Pronunciation: (bûrn), Strict Standards: Non-static method FenSites::linkTo() should not be called statically in /site/html/dictionary/burn.html on line 81 [key]
—v., burned or burnt, burn•ing,
1. to undergo rapid combustion or consume fuel in such a way as to give off heat, gases, and, usually, light; be on fire: The fire burned in the grate.
2. (of a fireplace, furnace, etc.) to contain a fire.
3. to feel heat or a physiologically similar sensation; feel pain from or as if from a fire: The wound burned and throbbed.
4. to give off light or to glow brightly: The lights in the house burned all night.
5. to give off heat or be hot: The pavement burned in the noon sun.
6. to produce pain or a stinging sensation similar to that of fire; cause to smart: The whiskey burned in his throat.
7. Games.to be extremely close to finding a concealed object or guessing an answer.
8. to feel extreme anger: When she said I was rude, I really burned.
9. to feel strong emotion or passion: He burned with desire.
a. to undergo combustion, either fast or slow; oxidize.
b. to undergo fission or fusion.
11. to become charred or overcooked by heat: The steak burned around the edges.
12. to receive a sunburn: She burns easily and has to stay in the shade.
13. to be damned: You may burn for that sin.
14. Slang.to die in an electric chair: The murderer was sentenced to burn.
15. to be engraved by or as if by burning: His words burned into her heart.
1. to cause to undergo combustion or be consumed partly or wholly by fire.
2. to use as fuel or as a source of light: He burned coal to heat the house.
3. to cause to feel the sensation of heat.
4. to overcook or char: I almost burned the roast.
5. to sunburn.
6. to injure, endanger, or damage with or as if with fire: Look out, you'll burn yourself!
7. to execute by burning: The heretic was burned at the stake.
8. to subject to fire or treat with heat as a process of manufacturing.
9. to produce with or as if with fire: She burned a hole in her dress.
10. to cause sharp pain or a stinging sensation: The iodine burned his cut.
11. to consume rapidly, esp. to squander: He burned energy as if he never heard of resting.
12. Slang.to suffer losses or be disillusioned in business or social relationships: She was burned by that phony stock deal.
13. Slang.to cheat or rob.
14. Chem.to cause to undergo combustion; oxidize.
15. to damage through excessive friction, as in grinding or machining; scorch.
16. Metall.to oxidize (a steel ingot), as with a flame.
17. Brit.to scald (a wine, esp. sherry) in an iron container over a fire.
18. Cards.to put (a played or rejected card) face up at the bottom of the pack.
19. Slang.to disclose the identity of (an undercover agent, law officer, etc.): to burn a narcotics detective.
20. burn down, to burn to the ground: That barn was struck by lightning and burned down.
21. burn in, Photog.(in printing) to expose (one part of an image) to more light by masking the other parts in order to darken and give greater detail to the unmasked area. Also,print in.Cf. dodge (def. 2).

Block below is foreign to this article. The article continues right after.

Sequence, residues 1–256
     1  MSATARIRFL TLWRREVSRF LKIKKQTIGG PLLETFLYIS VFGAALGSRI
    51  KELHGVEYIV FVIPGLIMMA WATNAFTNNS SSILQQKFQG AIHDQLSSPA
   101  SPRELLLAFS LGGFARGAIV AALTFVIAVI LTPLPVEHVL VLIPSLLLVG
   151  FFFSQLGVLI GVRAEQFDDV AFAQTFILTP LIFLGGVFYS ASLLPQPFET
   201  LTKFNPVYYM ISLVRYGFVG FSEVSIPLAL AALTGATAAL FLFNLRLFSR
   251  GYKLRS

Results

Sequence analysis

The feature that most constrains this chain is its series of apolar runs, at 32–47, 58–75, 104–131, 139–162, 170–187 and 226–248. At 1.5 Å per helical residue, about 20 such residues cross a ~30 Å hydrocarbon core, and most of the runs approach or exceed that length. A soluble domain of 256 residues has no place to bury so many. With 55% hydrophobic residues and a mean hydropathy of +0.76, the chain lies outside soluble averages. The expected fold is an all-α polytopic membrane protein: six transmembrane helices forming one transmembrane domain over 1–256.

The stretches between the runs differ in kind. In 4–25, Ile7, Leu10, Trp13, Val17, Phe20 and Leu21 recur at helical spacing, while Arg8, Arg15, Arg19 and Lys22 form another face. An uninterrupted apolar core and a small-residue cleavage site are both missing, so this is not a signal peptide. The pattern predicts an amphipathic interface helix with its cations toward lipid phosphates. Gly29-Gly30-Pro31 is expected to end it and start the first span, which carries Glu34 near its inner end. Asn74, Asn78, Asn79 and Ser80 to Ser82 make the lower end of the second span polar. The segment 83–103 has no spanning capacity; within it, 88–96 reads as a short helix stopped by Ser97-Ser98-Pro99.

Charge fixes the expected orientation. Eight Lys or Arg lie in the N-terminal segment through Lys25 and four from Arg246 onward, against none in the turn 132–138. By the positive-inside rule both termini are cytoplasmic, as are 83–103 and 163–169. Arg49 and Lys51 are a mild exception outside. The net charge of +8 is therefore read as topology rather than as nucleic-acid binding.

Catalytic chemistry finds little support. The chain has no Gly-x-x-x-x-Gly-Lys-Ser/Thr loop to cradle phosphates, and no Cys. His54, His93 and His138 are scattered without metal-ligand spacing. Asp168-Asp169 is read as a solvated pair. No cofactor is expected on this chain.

22. burn off, (of morning mist) to be dissipated by the warmth of the rising sun.
23. burn on, to weld lead with lead.
24. burn one's bridges (behind one). See bridge (def. 21).
25. burn oneself out, to exhaust one's energy, ideas, etc., through overwork or intemperance: They feared that he would burn himself out or break down.
26. burn one up, Informal.to incite to anger: That attitude burns me up.
27. burn out,
a. to cease functioning because something has been exhausted or burned up, as fuel or a filament: Our light bulbs burned out.
b. to deprive of a place to live, work, etc., by reason of fire: They were burned out and had to live with relatives.
c. to wear out; exhaust; be worn out; become exhausted.
28. burn the or one's candle at both ends, to be excessively active or immoderate, as by leading an active social life by night and a busy work life by day: You can't burn the candle at both ends and hold onto a job.
29. burn the midnight oil, to work, study,etc., until late at night: to burn the midnight oil before final exams.
30. burn up,
a. to burn completely or utterly: The papers burned up in a minute.
b. Informal.to become angry: He burns up at the mention of her name.
1. a burned place or area: a burn where fire had ripped through the forest.
2. Pathol.an injury usually caused by heat but also by abnormal cold, chemicals, poison gas, electricity, or lightning, and characterized by a painful reddening and swelling of the epidermis (first-degree burn), damage extending into the dermis, usually with blistering (second-degree burn), or destruction of the epidermis and dermis extending into the deeper tissue with loss of pain receptors (third-degree burn).
3. See slow burn.
4. the process or an instance of burning or baking, as in brickmaking.
5. a forest or brush fire.
6. the firing of a rocket engine.
7. Slang.a swindle.
Pronunciation: (bûrn), Strict Standards: Non-static method FenSites::linkTo() should not be called statically in /site/html/dictionary/burn.html on line 471 [key]
—n. Scot. and North Eng.
a brook or rivulet. Also,bourn,bourne.
Random House Unabridged Dictionary, Copyright © 1997, by Random House, Inc., on Infoplease.